The Democracy Sourcebook
Robert A. Dahl, Ian Shapiro, Jose Antonio Cheibub
MIT Press, Aug 15, 2003 - Political Science - 568 pages
The Democracy Sourcebook offers a collection of classic writings and contemporary scholarship on democracy, creating a book that can be used by undergraduate and graduate students in a wide variety of courses, including American politics, international relations, comparative politics, and political philosophy. The editors have chosen substantial excerpts from the essential theorists of the past, including Jean-Jacques Rousseau, John Stuart Mill, Alexis de Tocqueville, and the authors of The Federalist Papers; they place them side by side with the work of such influential modern scholars as Joseph Schumpeter, Adam Przeworski, Seymour Martin Lipset, Samuel P. Huntington, Ronald Dworkin, and Amartya Sen.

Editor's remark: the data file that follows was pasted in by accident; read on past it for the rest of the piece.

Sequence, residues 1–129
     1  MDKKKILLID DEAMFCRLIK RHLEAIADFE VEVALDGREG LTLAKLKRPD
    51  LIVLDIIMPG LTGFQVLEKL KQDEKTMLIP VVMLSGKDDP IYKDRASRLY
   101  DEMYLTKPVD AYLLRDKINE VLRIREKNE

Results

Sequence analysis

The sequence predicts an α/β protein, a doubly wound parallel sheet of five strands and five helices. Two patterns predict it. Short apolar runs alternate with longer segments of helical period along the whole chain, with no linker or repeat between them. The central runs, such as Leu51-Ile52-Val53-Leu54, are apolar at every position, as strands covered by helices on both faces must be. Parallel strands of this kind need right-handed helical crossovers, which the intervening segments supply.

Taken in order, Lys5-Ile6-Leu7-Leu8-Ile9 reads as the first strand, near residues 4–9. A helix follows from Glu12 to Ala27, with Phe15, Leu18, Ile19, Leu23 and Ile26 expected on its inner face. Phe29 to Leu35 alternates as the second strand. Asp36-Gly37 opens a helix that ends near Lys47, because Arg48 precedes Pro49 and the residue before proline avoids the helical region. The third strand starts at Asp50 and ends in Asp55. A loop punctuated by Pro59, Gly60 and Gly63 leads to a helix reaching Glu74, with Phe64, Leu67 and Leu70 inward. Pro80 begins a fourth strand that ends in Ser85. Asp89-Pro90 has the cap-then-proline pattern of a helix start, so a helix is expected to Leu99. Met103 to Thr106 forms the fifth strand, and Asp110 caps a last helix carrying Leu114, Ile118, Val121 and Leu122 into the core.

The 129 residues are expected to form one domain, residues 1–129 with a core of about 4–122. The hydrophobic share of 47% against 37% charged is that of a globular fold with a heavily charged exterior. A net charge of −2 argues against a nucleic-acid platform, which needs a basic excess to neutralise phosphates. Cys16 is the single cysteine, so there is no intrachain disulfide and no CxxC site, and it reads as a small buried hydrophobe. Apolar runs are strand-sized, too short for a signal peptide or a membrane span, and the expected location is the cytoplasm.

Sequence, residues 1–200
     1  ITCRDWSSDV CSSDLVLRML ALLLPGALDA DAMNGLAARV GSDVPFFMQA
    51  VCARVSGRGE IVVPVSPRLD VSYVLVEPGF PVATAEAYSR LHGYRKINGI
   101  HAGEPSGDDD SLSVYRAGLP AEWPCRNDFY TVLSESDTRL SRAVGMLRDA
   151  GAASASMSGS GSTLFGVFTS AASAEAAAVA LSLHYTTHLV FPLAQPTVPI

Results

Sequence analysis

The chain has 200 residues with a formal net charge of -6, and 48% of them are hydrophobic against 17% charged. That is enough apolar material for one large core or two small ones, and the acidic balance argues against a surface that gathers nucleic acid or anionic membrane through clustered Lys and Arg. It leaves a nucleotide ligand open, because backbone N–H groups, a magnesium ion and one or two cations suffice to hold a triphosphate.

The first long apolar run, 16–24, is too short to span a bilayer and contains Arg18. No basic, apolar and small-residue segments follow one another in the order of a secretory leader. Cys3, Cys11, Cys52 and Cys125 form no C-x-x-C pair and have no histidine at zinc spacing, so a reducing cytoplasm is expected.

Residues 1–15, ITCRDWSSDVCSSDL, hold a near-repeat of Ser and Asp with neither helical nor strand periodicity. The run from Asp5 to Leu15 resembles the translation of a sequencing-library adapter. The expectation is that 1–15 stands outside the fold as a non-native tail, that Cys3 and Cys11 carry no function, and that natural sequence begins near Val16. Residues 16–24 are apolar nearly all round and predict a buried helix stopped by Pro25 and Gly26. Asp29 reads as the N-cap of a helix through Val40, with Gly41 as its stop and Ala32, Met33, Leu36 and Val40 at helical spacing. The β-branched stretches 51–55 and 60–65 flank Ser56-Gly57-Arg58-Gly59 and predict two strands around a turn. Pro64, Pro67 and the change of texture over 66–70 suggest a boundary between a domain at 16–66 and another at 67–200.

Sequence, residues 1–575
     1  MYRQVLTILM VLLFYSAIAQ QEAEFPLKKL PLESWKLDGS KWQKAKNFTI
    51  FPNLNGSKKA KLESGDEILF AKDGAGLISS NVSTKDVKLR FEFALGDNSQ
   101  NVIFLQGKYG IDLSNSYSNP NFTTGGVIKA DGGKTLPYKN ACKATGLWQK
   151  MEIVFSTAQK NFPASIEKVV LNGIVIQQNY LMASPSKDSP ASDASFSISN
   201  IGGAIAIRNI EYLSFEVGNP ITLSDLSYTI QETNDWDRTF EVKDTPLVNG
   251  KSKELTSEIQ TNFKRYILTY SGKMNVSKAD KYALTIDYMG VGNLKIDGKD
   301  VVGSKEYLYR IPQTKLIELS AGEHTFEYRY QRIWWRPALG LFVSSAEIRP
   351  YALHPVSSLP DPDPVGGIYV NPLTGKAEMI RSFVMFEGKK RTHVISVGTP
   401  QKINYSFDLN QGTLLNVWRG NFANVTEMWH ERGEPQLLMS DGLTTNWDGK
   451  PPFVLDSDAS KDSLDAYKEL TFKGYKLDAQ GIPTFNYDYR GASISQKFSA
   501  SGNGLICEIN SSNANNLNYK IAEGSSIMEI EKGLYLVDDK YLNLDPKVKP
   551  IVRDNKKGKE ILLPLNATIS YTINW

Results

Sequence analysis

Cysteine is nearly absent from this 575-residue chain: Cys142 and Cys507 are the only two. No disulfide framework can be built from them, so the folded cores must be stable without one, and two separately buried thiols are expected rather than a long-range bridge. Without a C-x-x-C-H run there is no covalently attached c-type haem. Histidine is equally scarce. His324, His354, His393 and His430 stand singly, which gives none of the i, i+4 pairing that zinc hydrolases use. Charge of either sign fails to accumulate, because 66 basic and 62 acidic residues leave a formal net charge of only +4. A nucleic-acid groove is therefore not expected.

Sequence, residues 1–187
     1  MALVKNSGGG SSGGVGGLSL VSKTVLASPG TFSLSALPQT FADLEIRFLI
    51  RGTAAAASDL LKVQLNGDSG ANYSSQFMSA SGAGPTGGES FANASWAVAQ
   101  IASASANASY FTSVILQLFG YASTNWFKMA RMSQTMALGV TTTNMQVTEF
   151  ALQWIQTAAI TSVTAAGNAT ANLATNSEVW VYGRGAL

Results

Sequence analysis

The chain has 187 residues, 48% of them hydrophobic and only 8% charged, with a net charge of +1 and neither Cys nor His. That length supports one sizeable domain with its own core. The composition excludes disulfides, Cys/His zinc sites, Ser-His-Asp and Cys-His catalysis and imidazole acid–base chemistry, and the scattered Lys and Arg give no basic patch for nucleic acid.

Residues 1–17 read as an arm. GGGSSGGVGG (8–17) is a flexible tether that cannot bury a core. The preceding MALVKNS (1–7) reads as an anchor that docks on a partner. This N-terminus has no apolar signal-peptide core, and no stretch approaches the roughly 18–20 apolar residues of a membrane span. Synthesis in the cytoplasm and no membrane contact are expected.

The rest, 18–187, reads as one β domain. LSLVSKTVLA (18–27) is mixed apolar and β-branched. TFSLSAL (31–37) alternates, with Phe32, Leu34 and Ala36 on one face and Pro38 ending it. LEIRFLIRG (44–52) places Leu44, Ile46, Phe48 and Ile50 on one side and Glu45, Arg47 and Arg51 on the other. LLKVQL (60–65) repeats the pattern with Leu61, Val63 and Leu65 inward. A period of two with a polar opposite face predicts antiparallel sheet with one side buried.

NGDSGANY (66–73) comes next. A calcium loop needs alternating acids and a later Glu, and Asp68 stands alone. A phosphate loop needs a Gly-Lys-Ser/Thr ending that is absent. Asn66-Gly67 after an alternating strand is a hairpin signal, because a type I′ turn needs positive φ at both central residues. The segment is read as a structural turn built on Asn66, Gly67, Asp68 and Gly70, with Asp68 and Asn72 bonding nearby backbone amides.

The book is divided into nine self-contained chapters: "Defining Democracy," which discusses procedural, deliberative, and substantive democracy; "Sources of Democracy," on why democracy exists in some countries and not in others; "Democracy, Culture, and Society," about cultural and sociological preconditions for democracy; "Democracy and Constitutionalism," which focuses on the importance of independent courts and a bill of rights; "Presidentialism versus Parliamentarianism"; "Representation," discussing which is the fairest system of democratic accountability; "Interest Groups"; "Democracy's Effects," an examination of the effect of democracy on economic growth and social inequality; and finally, "Democracy and the Global Order" discusses the effects of democracy on international relations, including the propensity for war and the erosion of national sovereignty by transnational forces.
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